Probiotic supplements may not protect babies from catching colds or stomach bugs in day care, a new clinical trial suggests.

More>>

Don't let summer strain your back

Summer is the time when everyone dives into yard work and takes family vacations. But all that time spent bending, lifting and traveling can strain your back, spine experts say.

More>>

Daily jolt of java may bring longer life

Here's news to perk up your day: Drinking coffee might help you live a little longer, two new studies suggest.

More>>

2 of 3 Americans don't have 'advance directive' for end of life

Most people don't like talking about dying, especially their own death. But it's important to let your loved ones know how you'd like your medical care handled when your "time" comes.

More>>

FDA approves new drug for sickle cell disease

The U.S. Food and Drug Administration on Friday approved the first new drug for sickle cell disease in nearly two decades.

More>>

Health tip: When summer heat gets intense

Intense summer heat can be downright dangerous.

More>>

Is shingles tied to heart, stroke risk?

Shingles may be tied to an increased risk for heart disease, a new study suggests.

More>>

How to keep your kids out of the ER this summer

Make sure safety is part of kids' summer fun.

More>>

Eye docs debunk 5 fireworks myths

Firecrackers, sparklers and bottle rockets may seem harmless enough, but there's really no such thing as safe fireworks for consumers, eye doctors warn.

More>>

Is your child's 'penicillin allergy' real?

Many children suspected of being allergic to the inexpensive, first-line antibiotic penicillin actually aren't, new research indicates.

More>>

Health tip: Are my toddler's eating habits normal?

Parents may be worried that toddlers aren't getting enough calories or nutrients.

More>>

Health tip: Reap the benefits of intense exercise

High intensity interval training involves cardiovascular exercise in short intervals at high intensity.

More>>

Heat deaths in U.S. cities could jump 10-fold if climate change isn't slowed

America's exit from the Paris climate change agreement will lead to more punishing summer heat waves and thousands of additional heat-related deaths each year in major U.S. cities, a new report claims.

More>>

Health tip: when adults offer kids food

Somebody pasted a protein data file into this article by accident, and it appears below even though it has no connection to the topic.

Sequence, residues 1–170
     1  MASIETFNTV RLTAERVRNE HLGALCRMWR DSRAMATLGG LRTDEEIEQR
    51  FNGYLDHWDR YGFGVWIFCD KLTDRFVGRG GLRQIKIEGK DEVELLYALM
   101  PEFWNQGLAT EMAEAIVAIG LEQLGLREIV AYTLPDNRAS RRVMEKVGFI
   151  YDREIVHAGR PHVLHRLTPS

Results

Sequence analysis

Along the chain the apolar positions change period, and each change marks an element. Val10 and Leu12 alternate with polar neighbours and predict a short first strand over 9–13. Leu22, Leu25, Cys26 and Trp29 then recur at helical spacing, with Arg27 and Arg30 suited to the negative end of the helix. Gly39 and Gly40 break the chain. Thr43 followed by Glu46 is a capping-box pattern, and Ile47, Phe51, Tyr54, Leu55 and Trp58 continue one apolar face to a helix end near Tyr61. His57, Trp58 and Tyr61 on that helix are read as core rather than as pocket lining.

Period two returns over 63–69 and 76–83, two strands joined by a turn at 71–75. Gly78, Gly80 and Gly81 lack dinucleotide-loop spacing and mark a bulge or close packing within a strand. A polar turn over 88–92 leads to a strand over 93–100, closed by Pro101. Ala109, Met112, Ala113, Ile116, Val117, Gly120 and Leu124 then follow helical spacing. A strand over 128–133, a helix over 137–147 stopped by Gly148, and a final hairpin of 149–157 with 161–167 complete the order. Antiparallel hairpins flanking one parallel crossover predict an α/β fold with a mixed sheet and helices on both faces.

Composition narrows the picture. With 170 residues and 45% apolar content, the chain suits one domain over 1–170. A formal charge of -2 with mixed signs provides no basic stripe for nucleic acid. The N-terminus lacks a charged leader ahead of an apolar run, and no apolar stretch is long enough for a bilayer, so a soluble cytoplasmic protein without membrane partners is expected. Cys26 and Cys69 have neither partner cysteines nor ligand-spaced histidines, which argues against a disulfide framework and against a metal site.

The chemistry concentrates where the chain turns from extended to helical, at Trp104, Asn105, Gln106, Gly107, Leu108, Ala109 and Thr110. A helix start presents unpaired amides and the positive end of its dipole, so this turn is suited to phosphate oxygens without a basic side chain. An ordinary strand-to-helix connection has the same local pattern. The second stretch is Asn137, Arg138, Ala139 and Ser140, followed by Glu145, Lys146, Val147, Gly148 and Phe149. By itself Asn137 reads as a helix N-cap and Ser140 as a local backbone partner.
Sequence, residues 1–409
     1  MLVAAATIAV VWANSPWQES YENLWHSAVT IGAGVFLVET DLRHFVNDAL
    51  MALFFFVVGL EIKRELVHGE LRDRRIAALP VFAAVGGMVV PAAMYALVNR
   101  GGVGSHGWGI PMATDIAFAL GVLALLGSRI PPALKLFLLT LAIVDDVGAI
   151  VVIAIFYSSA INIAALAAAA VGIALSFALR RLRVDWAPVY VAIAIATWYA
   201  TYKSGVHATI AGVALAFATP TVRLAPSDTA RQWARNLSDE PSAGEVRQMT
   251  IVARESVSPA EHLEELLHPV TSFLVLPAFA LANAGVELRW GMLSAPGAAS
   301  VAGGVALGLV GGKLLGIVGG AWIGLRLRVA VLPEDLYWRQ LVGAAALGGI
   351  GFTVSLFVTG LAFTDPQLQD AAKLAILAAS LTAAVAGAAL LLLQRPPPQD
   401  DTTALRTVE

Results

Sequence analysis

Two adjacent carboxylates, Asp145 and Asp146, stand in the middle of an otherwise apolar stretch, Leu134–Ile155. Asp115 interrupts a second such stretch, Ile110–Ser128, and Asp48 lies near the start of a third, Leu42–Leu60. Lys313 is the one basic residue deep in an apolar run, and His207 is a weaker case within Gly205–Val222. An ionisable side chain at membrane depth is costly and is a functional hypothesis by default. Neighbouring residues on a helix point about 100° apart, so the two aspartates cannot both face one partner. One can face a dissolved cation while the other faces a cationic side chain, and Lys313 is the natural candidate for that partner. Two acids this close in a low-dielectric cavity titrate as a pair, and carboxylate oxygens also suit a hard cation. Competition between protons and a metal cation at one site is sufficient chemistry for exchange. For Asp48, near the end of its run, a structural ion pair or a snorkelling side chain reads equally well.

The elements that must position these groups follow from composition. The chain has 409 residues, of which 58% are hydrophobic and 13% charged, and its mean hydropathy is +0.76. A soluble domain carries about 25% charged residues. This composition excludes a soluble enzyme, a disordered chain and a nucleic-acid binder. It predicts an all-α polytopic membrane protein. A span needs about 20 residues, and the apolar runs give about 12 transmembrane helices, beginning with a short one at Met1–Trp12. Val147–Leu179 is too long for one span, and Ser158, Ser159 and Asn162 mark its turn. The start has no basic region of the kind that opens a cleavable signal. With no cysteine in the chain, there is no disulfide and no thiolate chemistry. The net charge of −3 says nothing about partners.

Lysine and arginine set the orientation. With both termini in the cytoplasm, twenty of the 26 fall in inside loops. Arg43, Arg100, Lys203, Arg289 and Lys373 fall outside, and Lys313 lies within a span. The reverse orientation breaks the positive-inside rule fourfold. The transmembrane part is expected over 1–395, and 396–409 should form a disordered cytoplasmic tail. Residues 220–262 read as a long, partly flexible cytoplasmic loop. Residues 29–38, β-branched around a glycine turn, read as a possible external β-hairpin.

Well-meaning family and friends may push your children to clean the plate or offer dessert as a reward, but those aren't the messages you want to send.

More>>

Many women mistaken on 'side effects' of breast cancer drug

Many women at high risk for breast cancer do not take the drug tamoxifen to prevent the disease, often because they confuse naturally occurring symptoms with side effects from the drug.

More>>

Antibiotics improve treatment of skin abscesses

New research might change the way doctors treat skin abscesses in children and adults, medical experts say.

More>>

Is potential human life span unlimited?

Have you ever thought about what it might be like to live into your hundreds?

More>>

Bye-bye flu shot, hello patch?

An experimental flu vaccine patch with dissolving microneedles appears safe and effective, a preliminary study shows.

More>>

Fewer Americans hospitalized for heart failure

The number of Americans hospitalized for heart failure has dropped substantially since 2002, but blacks still face higher risks, a new study finds.

More>>

Persistent stress may hasten death in heart patients

If you have heart disease, unrelenting stress might hasten your death, researchers report.

More>>

Senate health bill would leave 22 million more uninsured by 2026: CBO

The Senate Republican plan to repeal and replace the Affordable Care Act would leave 22 million more Americans uninsured by 2026, the Congressional Budget Office (CBO) said Monday.

More>>

Immunizations for high flyin' travelers

Nothing spoils a trip faster than getting sick. And a good way to protect yourself is by getting certain vaccinations before you leave home.

More>>

When is an opioid safe to take?